June 26, 2003
Ohio Governor Bob Taft (R-Ohio) on Thursday signed his state's budget into law without vetoing a huge increase in the state's aviation registration fee. For the owner of a typical four-seat general aviation aircraft, that's going to mean paying more than 800 percent more the next time the aircraft is registered.
AOPA is exploring legislative options to reverse the fee increase.
In a letter to Taft, AOPA President Phil Boyer had said, "As Ohio celebrates 100 years of aviation, do not let the birthplace of aviation become the first state to tax it out of existence."
Under existing Ohio law, aircraft registration fees were determined with a sliding scale based on seating capacity. The owner of a Cessna 172, for instance, paid $12. A Gulfstream V owner paid $85. Under the new law, the 172 owner and the Gulfstream V owner will both pay $100.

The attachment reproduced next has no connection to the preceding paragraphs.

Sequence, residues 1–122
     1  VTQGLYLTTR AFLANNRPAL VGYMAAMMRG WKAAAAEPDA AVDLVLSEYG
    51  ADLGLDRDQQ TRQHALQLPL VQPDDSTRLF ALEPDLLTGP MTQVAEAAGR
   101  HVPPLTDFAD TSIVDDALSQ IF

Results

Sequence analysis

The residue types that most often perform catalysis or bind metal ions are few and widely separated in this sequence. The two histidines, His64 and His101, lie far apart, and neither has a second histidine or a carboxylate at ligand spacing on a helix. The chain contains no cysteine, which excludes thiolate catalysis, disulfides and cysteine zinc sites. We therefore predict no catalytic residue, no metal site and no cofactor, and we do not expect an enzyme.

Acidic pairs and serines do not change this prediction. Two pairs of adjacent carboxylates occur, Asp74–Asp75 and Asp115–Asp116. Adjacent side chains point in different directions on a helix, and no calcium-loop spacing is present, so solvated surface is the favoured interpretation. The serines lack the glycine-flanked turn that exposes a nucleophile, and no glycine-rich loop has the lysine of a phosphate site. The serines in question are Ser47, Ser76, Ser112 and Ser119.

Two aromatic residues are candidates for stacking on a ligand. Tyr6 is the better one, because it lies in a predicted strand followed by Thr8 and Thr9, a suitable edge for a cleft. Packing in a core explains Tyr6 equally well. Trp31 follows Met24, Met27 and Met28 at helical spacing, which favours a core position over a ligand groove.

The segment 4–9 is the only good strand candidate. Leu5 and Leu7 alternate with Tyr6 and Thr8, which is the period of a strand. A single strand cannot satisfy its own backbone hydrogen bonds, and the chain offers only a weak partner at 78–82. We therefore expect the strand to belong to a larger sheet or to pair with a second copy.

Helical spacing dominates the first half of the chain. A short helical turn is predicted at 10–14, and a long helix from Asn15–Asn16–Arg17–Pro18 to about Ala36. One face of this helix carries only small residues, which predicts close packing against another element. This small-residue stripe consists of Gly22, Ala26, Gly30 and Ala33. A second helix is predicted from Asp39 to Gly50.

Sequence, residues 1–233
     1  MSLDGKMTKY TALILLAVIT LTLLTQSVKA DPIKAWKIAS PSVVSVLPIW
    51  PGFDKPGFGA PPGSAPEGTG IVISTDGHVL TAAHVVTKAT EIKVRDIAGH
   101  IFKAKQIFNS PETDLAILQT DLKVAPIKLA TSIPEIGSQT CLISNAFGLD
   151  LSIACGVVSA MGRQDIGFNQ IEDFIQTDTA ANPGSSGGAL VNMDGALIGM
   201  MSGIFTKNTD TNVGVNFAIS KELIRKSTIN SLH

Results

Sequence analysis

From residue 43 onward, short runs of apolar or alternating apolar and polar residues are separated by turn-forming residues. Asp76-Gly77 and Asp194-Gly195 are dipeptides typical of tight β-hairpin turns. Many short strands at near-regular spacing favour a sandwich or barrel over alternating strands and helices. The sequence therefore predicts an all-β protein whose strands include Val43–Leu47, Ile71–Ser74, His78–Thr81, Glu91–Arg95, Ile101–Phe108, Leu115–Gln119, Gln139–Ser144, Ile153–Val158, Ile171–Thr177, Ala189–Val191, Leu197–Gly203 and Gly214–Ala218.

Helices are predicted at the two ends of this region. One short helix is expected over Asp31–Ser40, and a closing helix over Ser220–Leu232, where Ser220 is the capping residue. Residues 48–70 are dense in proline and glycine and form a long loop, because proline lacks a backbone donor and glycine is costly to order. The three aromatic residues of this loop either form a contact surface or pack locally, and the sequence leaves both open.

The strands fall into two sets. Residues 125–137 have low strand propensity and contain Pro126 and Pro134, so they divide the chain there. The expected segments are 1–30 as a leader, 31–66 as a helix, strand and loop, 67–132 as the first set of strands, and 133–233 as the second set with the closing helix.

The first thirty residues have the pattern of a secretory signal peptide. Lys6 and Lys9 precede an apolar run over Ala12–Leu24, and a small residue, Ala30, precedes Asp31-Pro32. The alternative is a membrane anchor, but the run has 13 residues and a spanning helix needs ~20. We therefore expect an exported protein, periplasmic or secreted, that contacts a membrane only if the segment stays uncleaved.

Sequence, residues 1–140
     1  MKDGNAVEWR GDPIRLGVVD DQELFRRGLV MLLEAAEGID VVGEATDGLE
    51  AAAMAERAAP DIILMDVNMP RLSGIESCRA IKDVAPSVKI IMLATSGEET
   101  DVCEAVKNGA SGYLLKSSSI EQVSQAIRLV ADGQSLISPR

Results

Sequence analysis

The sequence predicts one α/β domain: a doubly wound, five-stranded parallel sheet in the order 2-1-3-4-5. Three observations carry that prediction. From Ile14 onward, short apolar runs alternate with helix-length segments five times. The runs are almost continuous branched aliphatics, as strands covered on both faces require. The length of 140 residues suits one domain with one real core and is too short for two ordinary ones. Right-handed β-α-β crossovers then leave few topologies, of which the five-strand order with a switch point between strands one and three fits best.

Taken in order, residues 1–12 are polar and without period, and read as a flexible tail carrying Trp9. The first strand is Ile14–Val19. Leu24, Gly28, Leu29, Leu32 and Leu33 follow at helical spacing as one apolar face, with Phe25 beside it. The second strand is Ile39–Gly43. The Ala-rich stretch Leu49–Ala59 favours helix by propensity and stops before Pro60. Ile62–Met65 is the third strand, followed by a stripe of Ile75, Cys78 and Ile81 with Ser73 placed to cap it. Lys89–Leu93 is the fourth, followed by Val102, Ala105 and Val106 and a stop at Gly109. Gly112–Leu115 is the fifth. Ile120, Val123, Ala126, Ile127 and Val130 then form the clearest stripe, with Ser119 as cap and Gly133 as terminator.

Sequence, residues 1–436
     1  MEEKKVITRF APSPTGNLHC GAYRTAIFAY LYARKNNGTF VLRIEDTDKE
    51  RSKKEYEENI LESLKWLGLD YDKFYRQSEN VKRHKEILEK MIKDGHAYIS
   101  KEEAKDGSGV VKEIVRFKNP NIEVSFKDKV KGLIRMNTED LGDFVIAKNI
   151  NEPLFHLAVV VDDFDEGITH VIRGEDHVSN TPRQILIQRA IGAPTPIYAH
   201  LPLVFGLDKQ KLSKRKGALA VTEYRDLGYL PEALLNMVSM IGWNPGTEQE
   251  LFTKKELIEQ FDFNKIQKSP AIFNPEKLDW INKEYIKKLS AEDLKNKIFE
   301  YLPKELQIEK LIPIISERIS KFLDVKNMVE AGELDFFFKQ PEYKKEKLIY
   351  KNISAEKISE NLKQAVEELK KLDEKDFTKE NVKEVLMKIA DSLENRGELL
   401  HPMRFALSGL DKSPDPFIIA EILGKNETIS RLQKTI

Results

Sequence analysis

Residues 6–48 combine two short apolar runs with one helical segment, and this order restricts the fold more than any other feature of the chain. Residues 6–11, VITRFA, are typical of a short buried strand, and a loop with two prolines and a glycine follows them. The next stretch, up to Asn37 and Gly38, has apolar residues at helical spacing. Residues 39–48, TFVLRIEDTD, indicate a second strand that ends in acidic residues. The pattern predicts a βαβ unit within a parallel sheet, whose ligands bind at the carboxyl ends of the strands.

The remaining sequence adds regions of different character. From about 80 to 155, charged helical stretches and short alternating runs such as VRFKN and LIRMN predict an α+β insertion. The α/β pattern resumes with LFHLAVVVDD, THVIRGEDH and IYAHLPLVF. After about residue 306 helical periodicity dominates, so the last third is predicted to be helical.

"State aircraft registration is an ineffective means of government financing," said Boyer. "Attempting to fund aviation maintenance and repair through raising aircraft registration fees will cause aircraft operators to register their aircraft in neighboring states with more attractive fee schedules."
The Aircraft Owners and Pilots Association (AOPA) has awarded its third annual Flight Training Excellence Awards to top flight schools and flight instructors ranked by more than 3,600 flight students who voluntarily reviewed their flight training experience through an AOPA online poll.
For decades, pilots have headed to Bay Bridge Airport in the Chesapeake Bay for scenic coastal flying and great seafood. Check it out after attending the AOPA Homecoming Fly-In on Oct. 4.
Maintenance experts have asked the FAA to clarify whether recurring inspections of Cessna 210-series aircraft can be mandated without following required rulemaking procedures.
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